DELPHI TECHNOLOGIES PLC, 10-Q filed on 5/2/2019
Quarterly Report
v3.19.1
Document And Entity Information - shares
3 Months Ended
Mar. 31, 2019
Apr. 26, 2019
Document and Entity Information [Abstract]    
Trading Symbol DLPH  
Document Type 10-Q  
Amendment Flag false  
Entity Emerging Growth Company false  
Entity Small Business false  
Document Period End Date Mar. 31, 2019  
Document Fiscal Period Focus Q1  
Document Fiscal Year Focus 2019  
Entity Registrant Name DELPHI TECHNOLOGIES PLC  
Entity Central Index Key 0001707092  
Current Fiscal Year End Date --12-31  
Entity Filer Category Large Accelerated Filer  
Entity Common Stock, Shares Outstanding   87,957,223
v3.19.1
Consolidated Statements Of Operations - USD ($)
shares in Thousands, $ in Millions
3 Months Ended
Mar. 31, 2019
Mar. 31, 2018
Income Statement [Abstract]    
Net sales $ 1,151 $ 1,296
Operating expenses:    
Cost of sales 983 1,046
Selling, general and administrative 104 97
Amortization 6 4
Restructuring 3 11
Total operating expenses 1,096 1,158
Operating income 55 138
Interest expense (18) (20)
Other (expense) income, net (12) 6
Income before income taxes and equity income 25 124
Income tax expense (8) (22)
Income before equity income 17 102
Equity income, net of tax 2 3
Net income 19 105
Net income attributable to noncontrolling interest 3 7
Net income attributable to Delphi Technologies $ 16 $ 98
Net income per share attributable to Delphi Technologies:    
Basic (in dollars per share) $ 0.18 $ 1.10
Diluted (in dollars per share) $ 0.18 $ 1.10
Weighted Average Number of Shares Outstanding [Abstract]    
Basic (in shares) 88,450 88,710
Diluted (in shares) 88,550 88,920
Cash dividends declared per share $ 0 $ 0.17
v3.19.1
Consolidated Statements Of Comprehensive Income - USD ($)
$ in Millions
3 Months Ended
Mar. 31, 2019
Mar. 31, 2018
Statement of Comprehensive Income [Abstract]    
Net income $ 19 $ 105
Other comprehensive income:    
Currency translation adjustments 9 31
Net change in unrecognized gain on derivative instruments, net of tax 16 (1)
Employee benefit plans adjustment, net of tax 34 (8)
Other comprehensive income 59 22
Comprehensive income 78 127
Comprehensive income attributable to noncontrolling interests 4 9
Comprehensive income attributable to Delphi Technologies $ 74 $ 118
v3.19.1
Consolidated Balance Sheets - USD ($)
$ in Millions
Mar. 31, 2019
Dec. 31, 2018
Current assets:    
Cash and cash equivalents $ 217 $ 359
Restricted cash 1 1
Accounts receivable, net 914 878
Inventories 549 521
Other current assets 182 172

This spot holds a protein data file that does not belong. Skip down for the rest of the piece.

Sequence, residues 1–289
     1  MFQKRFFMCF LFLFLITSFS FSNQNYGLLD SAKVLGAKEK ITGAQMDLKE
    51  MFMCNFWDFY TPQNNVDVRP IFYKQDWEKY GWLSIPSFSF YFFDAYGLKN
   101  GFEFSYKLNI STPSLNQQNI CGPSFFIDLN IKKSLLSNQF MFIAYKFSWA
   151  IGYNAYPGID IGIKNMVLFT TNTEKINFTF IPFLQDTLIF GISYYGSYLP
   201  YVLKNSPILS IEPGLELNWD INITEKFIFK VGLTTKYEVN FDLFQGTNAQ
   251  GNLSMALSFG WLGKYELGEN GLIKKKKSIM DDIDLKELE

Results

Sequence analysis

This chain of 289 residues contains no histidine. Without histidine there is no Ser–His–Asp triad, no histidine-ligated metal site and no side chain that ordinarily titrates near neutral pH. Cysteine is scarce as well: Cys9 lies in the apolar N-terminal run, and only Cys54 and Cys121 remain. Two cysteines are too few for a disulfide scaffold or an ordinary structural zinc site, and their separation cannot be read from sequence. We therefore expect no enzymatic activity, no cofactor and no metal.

Total current assets 1,863 1,931
Long-term assets:    
Property, net 1,469 1,445
Investments in affiliates 45 44
Intangible Assets and goodwill, net 71 76
Other long-term assets 509 397
Total long-term assets 2,094 1,962
Total assets 3,957 3,893
Current liabilities:    
Short-term debt 44 43
Accounts payable 840 906
Accrued liabilities 442 428
Total current liabilities 1,326 1,377
Long-term liabilities:    
Long-term debt 1,479 1,488
Pension and other postretirement benefit obligations 437 467
Other long-term liabilities 219 123
Total long-term liabilities 2,135 2,078
Total liabilities 3,461 3,455
Commitments and contingencies
Shareholders' equity:    
Preferred shares, $0.01 par value per share, 50,000,000 shares authorized, none issued and outstanding 0 0
Ordinary shares, $0.01 par value per share, 1,200,000,000 shares authorized, 87,985,653 and 88,491,963 issued and outstanding as of March 31, 2019 and December 31, 2018, respectively 1 1
Additional paid-in capital 406 407
Retained earnings 301 296
Accumulated other comprehensive loss (354) (412)
Total Delphi Technologies shareholders' equity 354 292
Noncontrolling interest 142 146
Total shareholders' equity 496 438
Total liabilities and shareholders' equity $ 3,957 $ 3,893
v3.19.1
Consolidated Balance Sheets (Parenthetical) - $ / shares
Mar. 31, 2019
Dec. 31, 2018
Statement of Financial Position [Abstract]    
Preferred shares, par value per share $ 0.01 $ 0.01
Preferred shares, authorized 50,000,000 50,000,000
Preferred shares, outstanding 0 0
Ordinary Shares, Par or Stated Value Per Share $ 0.01 $ 0.01
Ordinary shares, authorized 1,200,000,000 1,200,000,000
Ordinary shares, outstanding 87,985,653 88,491,963
v3.19.1
Consolidated Statements Of Cash Flows - USD ($)
$ in Millions
3 Months Ended
Mar. 31, 2019
Mar. 31, 2018
Cash flows from operating activities:    
Net income $ 19 $ 105
Adjustments to reconcile net income to net cash provided by operating activities: